On the other end of the spectrum, is there a reason why she couldn't develop good friendships with the 2 other girls who were not a part of the other group?

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M.S.

answers from Washington DC on

Does she play with the other girl that is left out? You said 5 of 7 were mean.

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N.Z.

answers from Los Angeles on

Kindergarten isn’t just about learning the academics. It’s also a time to learn and grow in the social/behavioral areas. So it couldn’t hurt to go public and have your daughter do another year of kinder. She will be more mature and confident, which would help her to deal with these uncomfortable social situations better, not just in the next school year, but in the years to come.

At the same time, the situation you describe is not uncommon for this age group. My daughter is turning 6 in July and I see/hear of these sorts of things happening a lot.

I know school’s almost over so it may be pointless now, but next time something like this happens, I would talk to the teacher. From my experience, when parents bring up these issues, the teacher talks to the class about being kind and inclusive, which helps a lot.

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A.S.

answers from Los Angeles on

From working in preschool I think that it is important that the teachers are aware of the situation but definitely give the school some time. However teachers need to be aware to make sure that nothing escalates to something worse. Mean girls are everywhere, a few of my students will be mean girls without really meaning to but we always try to help the students work things out or try to move on and play with someone else. Slowly the students will learn to work with each other and to live semi-harmoniously but definitely not every day. Switching schools might actually make the transition even more difficult for your child so I wouldn't recommend doing it unless you have a specific curriculum you want her to go through.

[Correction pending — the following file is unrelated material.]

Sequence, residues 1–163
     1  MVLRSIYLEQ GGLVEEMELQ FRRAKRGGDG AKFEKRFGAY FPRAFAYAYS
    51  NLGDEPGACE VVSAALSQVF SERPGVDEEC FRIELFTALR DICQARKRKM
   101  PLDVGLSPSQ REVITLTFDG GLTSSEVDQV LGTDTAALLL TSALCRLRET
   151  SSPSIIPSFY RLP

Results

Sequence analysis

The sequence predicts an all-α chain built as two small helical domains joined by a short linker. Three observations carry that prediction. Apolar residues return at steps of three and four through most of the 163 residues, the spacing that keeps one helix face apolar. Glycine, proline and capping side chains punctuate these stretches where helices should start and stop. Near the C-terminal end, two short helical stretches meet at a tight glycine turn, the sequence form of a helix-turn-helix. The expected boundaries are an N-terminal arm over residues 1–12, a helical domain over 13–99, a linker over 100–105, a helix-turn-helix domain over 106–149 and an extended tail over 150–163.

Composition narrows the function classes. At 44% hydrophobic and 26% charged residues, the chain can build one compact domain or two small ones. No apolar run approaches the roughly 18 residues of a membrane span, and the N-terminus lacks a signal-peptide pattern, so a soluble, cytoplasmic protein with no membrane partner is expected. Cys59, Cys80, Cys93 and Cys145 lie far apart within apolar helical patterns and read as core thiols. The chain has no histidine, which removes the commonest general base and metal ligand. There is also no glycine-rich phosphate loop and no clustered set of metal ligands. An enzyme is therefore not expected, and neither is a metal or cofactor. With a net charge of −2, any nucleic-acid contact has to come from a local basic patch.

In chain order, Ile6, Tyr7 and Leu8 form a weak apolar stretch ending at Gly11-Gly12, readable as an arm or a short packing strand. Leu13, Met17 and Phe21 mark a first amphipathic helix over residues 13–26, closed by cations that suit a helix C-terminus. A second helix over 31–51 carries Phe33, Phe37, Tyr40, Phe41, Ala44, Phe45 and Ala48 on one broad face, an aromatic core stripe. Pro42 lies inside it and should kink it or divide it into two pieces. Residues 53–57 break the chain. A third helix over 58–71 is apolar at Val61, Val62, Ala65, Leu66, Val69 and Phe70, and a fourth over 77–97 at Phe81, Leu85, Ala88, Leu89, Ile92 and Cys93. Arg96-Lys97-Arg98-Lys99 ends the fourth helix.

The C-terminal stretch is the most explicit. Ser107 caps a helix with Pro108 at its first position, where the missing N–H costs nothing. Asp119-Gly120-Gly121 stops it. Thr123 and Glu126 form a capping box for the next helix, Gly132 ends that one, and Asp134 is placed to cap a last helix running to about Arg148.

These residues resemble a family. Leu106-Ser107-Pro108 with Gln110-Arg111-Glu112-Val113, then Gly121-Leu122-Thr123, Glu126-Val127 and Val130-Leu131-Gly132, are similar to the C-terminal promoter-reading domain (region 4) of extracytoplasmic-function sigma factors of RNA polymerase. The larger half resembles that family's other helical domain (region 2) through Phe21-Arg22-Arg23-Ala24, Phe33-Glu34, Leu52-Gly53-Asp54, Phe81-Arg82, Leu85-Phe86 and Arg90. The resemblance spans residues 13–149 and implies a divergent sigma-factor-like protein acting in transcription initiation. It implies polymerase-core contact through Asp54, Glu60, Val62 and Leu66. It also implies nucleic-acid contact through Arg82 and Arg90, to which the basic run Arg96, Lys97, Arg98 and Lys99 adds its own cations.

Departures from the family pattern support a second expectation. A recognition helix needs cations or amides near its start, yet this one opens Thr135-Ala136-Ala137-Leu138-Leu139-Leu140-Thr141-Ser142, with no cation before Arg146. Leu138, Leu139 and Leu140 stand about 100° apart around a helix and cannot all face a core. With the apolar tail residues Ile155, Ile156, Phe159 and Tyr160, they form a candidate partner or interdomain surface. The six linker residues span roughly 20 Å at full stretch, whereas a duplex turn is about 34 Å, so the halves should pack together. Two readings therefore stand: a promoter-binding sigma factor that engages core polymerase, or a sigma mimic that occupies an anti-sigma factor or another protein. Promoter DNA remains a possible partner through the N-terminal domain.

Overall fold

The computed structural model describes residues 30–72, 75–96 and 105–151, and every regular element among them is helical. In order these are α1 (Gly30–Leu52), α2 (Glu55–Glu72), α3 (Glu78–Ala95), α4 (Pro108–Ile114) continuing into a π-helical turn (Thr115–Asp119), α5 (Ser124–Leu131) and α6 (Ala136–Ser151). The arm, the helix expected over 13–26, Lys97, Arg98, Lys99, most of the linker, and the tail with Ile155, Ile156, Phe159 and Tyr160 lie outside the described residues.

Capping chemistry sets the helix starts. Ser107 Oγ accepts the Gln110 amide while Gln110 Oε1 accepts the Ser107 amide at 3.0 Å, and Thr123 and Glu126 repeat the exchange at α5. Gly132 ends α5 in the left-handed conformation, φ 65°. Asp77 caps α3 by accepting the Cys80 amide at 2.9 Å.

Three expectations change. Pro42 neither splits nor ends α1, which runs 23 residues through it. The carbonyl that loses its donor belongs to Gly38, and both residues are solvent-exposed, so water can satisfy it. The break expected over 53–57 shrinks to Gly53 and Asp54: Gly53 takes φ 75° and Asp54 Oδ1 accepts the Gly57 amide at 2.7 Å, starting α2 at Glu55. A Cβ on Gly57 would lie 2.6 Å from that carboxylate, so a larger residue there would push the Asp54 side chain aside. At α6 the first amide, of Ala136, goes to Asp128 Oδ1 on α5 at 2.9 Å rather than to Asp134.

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T.N.

answers from San Diego on

Get her out of that school. My daughter had gone through something similar. The teachers and principal were made aware. In fact, some of them made me aware of the situation. The mean girls don’t change. This is learned behavior, most likely from parents. While I agree with khairete chick that you need to teach your child to stand up for herself, I disagree that she should stick it out. Once these cliques are formed and the child has been ostracized, she has been put in a box of which she will not be able to break out of. Talking to teachers about repeated offenses soon gets labeled as tattle-telling by mean girls parents and soon, you too, will be ostracized. My daughter was pretty good at standing up for herself but started not saying anything at times because she wanted so badly for these girls to like her. She started begging to go to another school and I knew I had to do something. Moving to another school was the best thing I ever did. She is now happy, popular and her confidence grows more and more. It’s been 3 years at a public charter school without problems. Mean girls need victims to maintain their power. Don’t waste years at the cost of your child’s self esteem and self confidence. Best of luck to you and your child.

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T.H.

answers from Kansas City on

This is so tricky and there are so many what-ifs. I'll start with the mean girls. I too was shocked at how early this starts. For my daughter it started in 1st, but I think that was because her K experience was truly amazing with one of the best teachers I've met. It was a special group. In 1st when it began, with similar things to what you've mentioned, I did get full support of the teacher. I know that hindsight is 20/20 but if you had notified the teacher of the issues and you didn't feel it was getting better, you really should have revisited the issue with the teacher and possibly the principal. I would suggest you do this in the future if you see more issues. But the reality is there are gonna be mean girls everywhere and for the rest of her life.